NK: Very good face value question, once again. You're excellent at that.

OB: I studied mass communications in the United States, so if I'm good at propaganda, as what you seem to be suggesting, ...

NK: yes

OB: I learned it there.

NK: Yes, you took your lessons very well. Absolutely, I think these tactics could be used, are used, will be used by fringe elements of protests. And of course, there've been numerous reports that same tactics have been used by the Russians as well, so let's just say that it's interesting that when this kind of information comes up when the Russians are concerned, everybody is absolutely silent, and then when this information, or potential information, comes up when the protesters are concerned suddenly, it becomes a great legalistic argument.

OB: Well, it's not just a legalistic argument. After all, it's coming not from the Russian authorities, not from Moscow, but from the Estonian Foreign Ministry, of all sources. Now, I also would like to add to that - while again this hasn't been proven, the presence of far right, ultranationalist forces within the protests movement in Ukraine is pretty evident. In fact, they are now part of the new Ukrainian authorities, and you know that some media here in Russia refer to them as fascist for, you know, the history of their collaboration with Nazi Germany. I wonder if this very hasty endorsement of the protest movement, despite the presence of some very unsavoury forces within its ranks, is a case of political opportunism on the part of the European Union and the West in general, in its bigger fight with Russia, and if you would agree with the case of political opportunism, whether it could backfire later on, because after all those forces, ultranationalist forces, are known to be not only anti-Russian but also anti-western?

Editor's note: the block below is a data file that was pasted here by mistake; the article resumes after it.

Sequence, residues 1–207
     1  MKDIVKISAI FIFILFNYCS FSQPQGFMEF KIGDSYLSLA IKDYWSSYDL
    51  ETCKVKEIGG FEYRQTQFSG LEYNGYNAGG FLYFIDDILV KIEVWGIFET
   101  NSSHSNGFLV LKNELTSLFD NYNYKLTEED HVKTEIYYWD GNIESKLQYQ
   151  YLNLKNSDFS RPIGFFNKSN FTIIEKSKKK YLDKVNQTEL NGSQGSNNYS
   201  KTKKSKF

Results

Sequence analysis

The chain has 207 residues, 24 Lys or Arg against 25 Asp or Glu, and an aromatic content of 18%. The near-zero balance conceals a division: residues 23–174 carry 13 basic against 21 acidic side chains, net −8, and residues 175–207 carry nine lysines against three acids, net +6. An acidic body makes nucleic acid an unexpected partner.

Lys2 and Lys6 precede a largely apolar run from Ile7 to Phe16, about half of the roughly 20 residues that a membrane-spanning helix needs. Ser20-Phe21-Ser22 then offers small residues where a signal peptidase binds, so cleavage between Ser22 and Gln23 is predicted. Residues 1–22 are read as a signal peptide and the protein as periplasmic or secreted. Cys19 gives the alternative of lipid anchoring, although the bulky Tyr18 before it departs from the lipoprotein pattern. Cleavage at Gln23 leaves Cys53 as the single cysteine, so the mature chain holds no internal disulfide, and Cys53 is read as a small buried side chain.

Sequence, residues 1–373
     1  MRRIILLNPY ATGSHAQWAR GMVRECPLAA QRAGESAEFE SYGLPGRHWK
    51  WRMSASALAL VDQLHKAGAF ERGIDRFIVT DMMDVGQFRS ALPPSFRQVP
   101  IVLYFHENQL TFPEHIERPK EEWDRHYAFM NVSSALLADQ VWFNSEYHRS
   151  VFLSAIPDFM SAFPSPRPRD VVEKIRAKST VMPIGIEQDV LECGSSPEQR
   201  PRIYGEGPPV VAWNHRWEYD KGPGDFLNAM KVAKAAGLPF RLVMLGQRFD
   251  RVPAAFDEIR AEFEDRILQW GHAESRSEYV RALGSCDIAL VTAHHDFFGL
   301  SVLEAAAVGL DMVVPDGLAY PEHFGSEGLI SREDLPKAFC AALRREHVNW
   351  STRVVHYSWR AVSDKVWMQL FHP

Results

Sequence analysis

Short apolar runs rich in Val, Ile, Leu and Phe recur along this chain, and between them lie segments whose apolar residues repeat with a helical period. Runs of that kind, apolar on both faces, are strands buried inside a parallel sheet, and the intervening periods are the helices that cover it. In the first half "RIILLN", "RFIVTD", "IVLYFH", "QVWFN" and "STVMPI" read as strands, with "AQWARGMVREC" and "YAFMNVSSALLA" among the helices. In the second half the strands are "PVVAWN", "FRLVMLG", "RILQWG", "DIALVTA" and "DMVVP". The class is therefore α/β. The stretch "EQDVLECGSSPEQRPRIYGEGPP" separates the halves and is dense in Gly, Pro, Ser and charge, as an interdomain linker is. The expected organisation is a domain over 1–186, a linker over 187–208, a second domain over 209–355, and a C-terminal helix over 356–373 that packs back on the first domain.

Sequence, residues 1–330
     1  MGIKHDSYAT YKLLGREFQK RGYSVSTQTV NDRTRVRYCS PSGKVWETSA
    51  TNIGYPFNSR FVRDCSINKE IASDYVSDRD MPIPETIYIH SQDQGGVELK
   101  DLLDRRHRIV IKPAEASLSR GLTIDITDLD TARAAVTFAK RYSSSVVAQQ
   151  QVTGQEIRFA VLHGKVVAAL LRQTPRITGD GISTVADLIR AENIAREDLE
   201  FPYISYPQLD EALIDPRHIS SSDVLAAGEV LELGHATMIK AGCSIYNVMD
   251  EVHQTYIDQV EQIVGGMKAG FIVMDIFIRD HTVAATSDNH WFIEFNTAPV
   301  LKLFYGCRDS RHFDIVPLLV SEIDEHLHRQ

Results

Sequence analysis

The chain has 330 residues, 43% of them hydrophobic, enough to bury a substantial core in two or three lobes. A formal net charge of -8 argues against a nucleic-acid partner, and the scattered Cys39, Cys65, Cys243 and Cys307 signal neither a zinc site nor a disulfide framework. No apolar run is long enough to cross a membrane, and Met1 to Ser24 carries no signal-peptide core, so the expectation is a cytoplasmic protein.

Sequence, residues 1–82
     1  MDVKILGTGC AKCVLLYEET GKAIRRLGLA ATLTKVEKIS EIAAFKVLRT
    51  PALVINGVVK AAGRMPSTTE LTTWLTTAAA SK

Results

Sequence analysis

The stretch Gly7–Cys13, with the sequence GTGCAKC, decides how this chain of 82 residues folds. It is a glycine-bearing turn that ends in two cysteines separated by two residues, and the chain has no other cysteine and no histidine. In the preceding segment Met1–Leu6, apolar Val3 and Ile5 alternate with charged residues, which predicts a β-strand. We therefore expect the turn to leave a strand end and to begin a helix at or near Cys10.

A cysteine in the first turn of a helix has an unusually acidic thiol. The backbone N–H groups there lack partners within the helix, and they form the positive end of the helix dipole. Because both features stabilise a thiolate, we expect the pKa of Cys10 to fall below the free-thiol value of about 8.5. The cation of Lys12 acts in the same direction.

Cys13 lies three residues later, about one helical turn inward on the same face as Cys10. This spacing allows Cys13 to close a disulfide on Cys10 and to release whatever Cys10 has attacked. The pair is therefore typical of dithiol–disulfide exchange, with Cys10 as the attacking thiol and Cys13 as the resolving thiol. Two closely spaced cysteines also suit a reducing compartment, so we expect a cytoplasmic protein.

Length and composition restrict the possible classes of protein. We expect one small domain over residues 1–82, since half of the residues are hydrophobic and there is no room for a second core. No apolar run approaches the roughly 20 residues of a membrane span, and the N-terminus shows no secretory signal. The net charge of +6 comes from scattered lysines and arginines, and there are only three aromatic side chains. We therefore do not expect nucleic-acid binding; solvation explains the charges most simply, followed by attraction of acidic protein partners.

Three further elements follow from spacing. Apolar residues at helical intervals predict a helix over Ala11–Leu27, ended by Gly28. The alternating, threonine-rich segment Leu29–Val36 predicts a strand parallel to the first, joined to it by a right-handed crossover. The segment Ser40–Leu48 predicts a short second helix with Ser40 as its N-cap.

NK: Oh absolutely, these forces are, but I don't think it was a case of political opportunism. In fact, they were peaceful protests until President Yanukovych, so supported by Vladimir Putin who probably doesn't stomach him, but yet supports the government that actually fled, but anyway. So until President Yanukovych signed probably, once again not proven, but probably under Putin's advice he signed the very brutal, not brutal, very stern anti-protest law. So no, I don't think so. I don't think it was used in opportunity. But, what we also have to know, and you mentioned that you covered other conflicts around the world, as you know from all this coverage of many conflicts, that prolonged revolutions, protracted conflicts do attract fringe elements and the ones you're citing are those fringe elements. What I find really interesting, that in the Russian press and on Russian today very often, they're being show as the major force in the protests, which is indeed not the case.